If \(N\) is divisible by \(1,2,3,\ldots, 13\), then \(N\) must also be divisible by 14 and 15.

Using this same idea, what is the smallest integer \(M\) such that the following statement is true?

If \(N\) is divisible by \(1,2,3,\ldots,M\), then \(N\) must also be divisible by \(M+1,M+2,M+3,\) and \(M+4\).

Suppose there exists a triangle with integer side lengths such that its perimeter (in units) and area (in square units) have the same numerical value, \(p\).

What is the sum of all possible values of \(p?\)

As shown in the diagram below, three overlapping circles with distinct radii define six points. The lengths of 5 line segments (in blue) connecting the points are known to us: 4, 6, 8, 3, 5.

What is the length of the remaining segment (in yellow), to 3 decimal places?

\[ \LARGE{
\require{enclose}
\begin{array}{rll}
\phantom{0}\ \mathrm{\large7} \ \mathrm{x} \ \mathrm{x} \ \mathrm{x} && \\[-1pt]
\mathrm{x} \ \mathrm{x} \ \mathrm{x} \

\enclose{longdiv}{
\mathrm{x} \ \mathrm{x} \ \mathrm{x} \ \mathrm{x} \ \mathrm{x} \ \mathrm{x} }\kern-.2ex \\[-1pt]
\underline{ \mathrm{x} \ \mathrm{x} \ \mathrm{x} \ \phantom 0 \ \phantom 0 \ \phantom 0 } \\[-1pt]
{ \mathrm{x} \ \mathrm{x} \ \mathrm{x} \ \mathrm{\large7} \ \phantom0 \ \phantom0 \ }\kern-.2ex \\[-1pt] \underline{ \mathrm{x} \ \mathrm{x} \ \mathrm{x} \ \mathrm{x} \ \phantom 0 \ \phantom 0 } && \\[-1pt]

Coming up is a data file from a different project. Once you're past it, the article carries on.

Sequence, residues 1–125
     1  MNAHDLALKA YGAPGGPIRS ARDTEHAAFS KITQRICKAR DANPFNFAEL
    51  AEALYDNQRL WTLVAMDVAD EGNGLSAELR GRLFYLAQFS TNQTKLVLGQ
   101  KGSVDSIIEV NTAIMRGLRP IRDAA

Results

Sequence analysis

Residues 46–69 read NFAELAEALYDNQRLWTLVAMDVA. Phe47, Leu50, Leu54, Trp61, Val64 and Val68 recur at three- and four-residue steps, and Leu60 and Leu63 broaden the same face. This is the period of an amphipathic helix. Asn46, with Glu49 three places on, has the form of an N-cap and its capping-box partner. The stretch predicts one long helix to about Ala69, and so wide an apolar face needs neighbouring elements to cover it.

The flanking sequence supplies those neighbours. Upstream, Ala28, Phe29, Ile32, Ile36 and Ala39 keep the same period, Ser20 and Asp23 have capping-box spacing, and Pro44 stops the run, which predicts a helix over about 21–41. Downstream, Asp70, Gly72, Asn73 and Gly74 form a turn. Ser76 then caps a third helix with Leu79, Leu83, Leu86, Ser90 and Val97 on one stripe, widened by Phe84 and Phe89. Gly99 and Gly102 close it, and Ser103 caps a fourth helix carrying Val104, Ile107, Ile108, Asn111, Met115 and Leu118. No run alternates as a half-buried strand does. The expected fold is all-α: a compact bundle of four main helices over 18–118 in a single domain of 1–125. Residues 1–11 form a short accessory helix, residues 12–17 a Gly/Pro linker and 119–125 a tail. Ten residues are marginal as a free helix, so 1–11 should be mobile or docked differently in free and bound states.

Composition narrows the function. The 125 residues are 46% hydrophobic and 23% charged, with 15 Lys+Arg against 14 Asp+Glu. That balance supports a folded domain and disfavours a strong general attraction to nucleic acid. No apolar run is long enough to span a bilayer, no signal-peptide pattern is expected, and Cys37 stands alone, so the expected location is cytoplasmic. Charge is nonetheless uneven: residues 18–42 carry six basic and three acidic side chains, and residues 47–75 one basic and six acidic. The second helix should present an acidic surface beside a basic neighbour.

{ \mathrm{x} \ \mathrm{x} \ \mathrm{x} \ \mathrm{x} }\kern-.2ex \\[-1pt]
\underline{ \mathrm{x} \ \mathrm{x} \ \mathrm{x} \ \mathrm{x} } && \\[-1pt] \mathrm{\large7}
\end{array} } \]

The above is a long division with most of the digits of any number hidden, except for the three 7's. Given that each of 0, 1, 2, ..., 9 was used at least once for the hidden digits, figure out all of the digits hiding and submit your answer as the value of the dividend (the 6-digit number being divided).

\(\)

**Details and Assumptions:**

- Each \(\mathrm X\) represents a single-digit integer.
- The leading (leftmost) digit of a number cannot be 0.

Find all integer solutions to the equation \(y^2=x^3-p^3\), where \(p\) is a prime number, \(y \neq 0\), \(3 \nmid y\), and \(p \nmid y\). Enter your answer as \(\sum(x+p)\).

**Note:** Actually, you are going to find integer points on a family of Mordell curves. A Mordell curve is an elliptic curve of the form \(y^2 = x^3 + k\), where \(k\) is a fixed non-zero integer.

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